Making the Auckland Unitary Plan

Part of our Growing Auckland series

Last Updated : 03 Jun 2016

At every step of the way, special legislation introduced by the government has guided how Auckland’s first ever Unitary Plan would be developed and decided.

The aim was to ensure the Auckland Unitary Plan, the largest planning exercise in New Zealand history, could be shaped by Aucklanders and completed much faster than would typically occur under the Resource Management Act, where it could take 8 to 10 years.

The law made significant changes to the usual practice that councils follow when producing a plan of this type, with differences in the submission, hearings and decision making process.

No council commissioners - an Independent Hearings Panel

Instead of the usual process of council hearings or appointing their own commissioners to hear submissions and make decisions, the special legislation for the Auckland Unitary Plan set up an Independent Hearings Panel.

This is a statutory body appointed by the government and independent of the council.

The council was responsible for preparing and notifying the Proposed Auckland Unitary Plan and for running the public consultation and submission process. It then provided all public submissions to the Auckland Unitary Plan Independent Hearings Panel for the hearings.

Once the council provides the submissions to the Independent Hearings Panel, the Panel gets on with the job of holding hearings and reviewing submissions and evidence on the Proposed Auckland Unitary Plan.

As part of this process the council, after considering the public’s submissions, agreed its own preliminary positions on different parts of the Proposed Auckland Unitary Plan.

These preliminary positions were presented to the Independent Hearings Panel alongside submissions made by members of the public. Under this system the council is treated no differently to any other submitter before the hearings.

Following the hearings the Panel will then make recommendations to Auckland Council about the changes it thinks should be made to the Proposed Auckland Unitary Plan.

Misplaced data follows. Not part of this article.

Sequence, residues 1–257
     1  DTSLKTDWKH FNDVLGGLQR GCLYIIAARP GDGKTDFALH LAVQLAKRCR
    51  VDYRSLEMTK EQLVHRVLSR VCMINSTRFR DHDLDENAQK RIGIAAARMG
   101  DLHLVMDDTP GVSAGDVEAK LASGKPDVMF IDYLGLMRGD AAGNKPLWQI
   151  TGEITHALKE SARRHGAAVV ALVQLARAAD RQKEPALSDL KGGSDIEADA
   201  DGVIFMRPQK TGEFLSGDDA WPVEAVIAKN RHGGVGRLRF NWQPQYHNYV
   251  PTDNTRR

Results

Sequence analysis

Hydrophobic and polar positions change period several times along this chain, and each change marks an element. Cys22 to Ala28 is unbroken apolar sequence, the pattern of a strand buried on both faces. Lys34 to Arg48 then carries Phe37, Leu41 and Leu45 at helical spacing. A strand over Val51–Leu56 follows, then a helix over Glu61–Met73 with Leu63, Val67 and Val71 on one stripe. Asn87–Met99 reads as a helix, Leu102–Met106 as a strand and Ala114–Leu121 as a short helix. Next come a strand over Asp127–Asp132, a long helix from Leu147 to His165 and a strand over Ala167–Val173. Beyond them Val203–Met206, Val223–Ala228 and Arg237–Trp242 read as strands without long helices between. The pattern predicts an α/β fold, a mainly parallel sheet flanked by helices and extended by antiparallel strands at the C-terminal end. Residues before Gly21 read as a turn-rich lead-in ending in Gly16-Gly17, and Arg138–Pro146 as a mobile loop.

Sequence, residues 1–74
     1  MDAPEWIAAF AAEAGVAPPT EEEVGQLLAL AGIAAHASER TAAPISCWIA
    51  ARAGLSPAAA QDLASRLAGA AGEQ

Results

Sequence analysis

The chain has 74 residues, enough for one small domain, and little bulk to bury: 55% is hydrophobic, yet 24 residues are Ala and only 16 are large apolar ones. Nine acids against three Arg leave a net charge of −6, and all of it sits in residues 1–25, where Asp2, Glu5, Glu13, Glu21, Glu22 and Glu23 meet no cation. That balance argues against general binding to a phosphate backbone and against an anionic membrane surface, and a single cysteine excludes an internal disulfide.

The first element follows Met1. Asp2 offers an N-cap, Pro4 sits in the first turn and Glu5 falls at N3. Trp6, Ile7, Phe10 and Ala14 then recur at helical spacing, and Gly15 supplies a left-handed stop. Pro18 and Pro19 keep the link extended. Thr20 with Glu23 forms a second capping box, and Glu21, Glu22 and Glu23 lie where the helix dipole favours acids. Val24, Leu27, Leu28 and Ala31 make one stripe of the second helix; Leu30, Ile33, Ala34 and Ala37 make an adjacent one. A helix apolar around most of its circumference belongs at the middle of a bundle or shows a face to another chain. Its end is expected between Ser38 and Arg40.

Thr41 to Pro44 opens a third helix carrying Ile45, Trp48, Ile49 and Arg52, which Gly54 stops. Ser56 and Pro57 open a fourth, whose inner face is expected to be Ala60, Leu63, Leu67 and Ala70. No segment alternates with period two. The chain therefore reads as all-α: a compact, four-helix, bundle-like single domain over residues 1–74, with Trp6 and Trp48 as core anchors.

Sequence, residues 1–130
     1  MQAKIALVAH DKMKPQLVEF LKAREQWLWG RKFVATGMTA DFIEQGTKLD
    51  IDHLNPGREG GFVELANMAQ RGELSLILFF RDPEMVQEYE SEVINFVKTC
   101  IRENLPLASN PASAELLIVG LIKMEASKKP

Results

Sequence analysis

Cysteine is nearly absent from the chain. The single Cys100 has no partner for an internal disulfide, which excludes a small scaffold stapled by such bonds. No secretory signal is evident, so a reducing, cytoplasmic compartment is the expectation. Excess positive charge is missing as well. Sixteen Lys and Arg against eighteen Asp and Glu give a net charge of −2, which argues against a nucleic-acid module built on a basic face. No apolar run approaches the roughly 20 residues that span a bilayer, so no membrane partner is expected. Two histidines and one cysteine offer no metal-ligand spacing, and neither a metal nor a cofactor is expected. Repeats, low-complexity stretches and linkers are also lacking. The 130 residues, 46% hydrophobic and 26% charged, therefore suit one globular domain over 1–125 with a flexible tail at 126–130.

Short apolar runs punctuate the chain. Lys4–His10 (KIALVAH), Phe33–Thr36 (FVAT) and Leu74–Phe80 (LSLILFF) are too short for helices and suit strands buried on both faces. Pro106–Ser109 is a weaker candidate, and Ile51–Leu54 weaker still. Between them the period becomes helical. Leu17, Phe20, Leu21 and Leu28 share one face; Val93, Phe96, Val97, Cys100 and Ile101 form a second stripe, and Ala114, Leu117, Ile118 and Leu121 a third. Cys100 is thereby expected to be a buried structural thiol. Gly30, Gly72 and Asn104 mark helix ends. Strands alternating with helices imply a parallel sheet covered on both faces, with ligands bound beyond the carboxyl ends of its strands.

Widespread public consultation

Over the last five years the Auckland Unitary Plan has been developed through widespread public consultation  

  • 249 public meetings and 21,210 pieces of written feedback on the draft unitary plan
  • 5 days of council meetings on the draft plan to finalise the Proposed Auckland Unitary Plan for public submissions
  • 6 month period for public submissions, Auckland's most extensive public submission period
  • 9443 public submissions and 3951 further submissions on the Proposed Auckland Unitary Plan – with a total 1,493,600 separate submission points
  • 249 days of hearings in front of the Independent Hearings Panel attended by 4317 submitters
  • Over 10,000 pieces of evidence received by the Independent Hearings Panel

What’s coming up?

The Independent Hearings Panel recommendations on the Proposed Auckland Unitary Plan will be provided to Auckland Council on the 22 July. This means the Panel is effectively recommending an amended Auckland Unitary Plan to the council.

On 27 July the Panel’s reports providing the recommendations and an amended Auckland Unitary Plan will be available on the council website

The council will consider and make their decisions on the Auckland Unitary Plan by 19 August 2016.

All of council decisions on the Auckland Unitary Plan will be made in public council meetings and be available to watch on the council's live streaming service.

  • 22 July - Independent Hearings Panel provides Auckland Council with its recommendations
  • 27 July - Elected Members briefed on the recommendations. They will also be available on the council website
  • 12-18 August – Council makes decisions on the Independent Hearings Panel recommendations
  • 19 August – Council notifies their Auckland Unitary Plan decisions
  • 16 September – Limited appeals period closes


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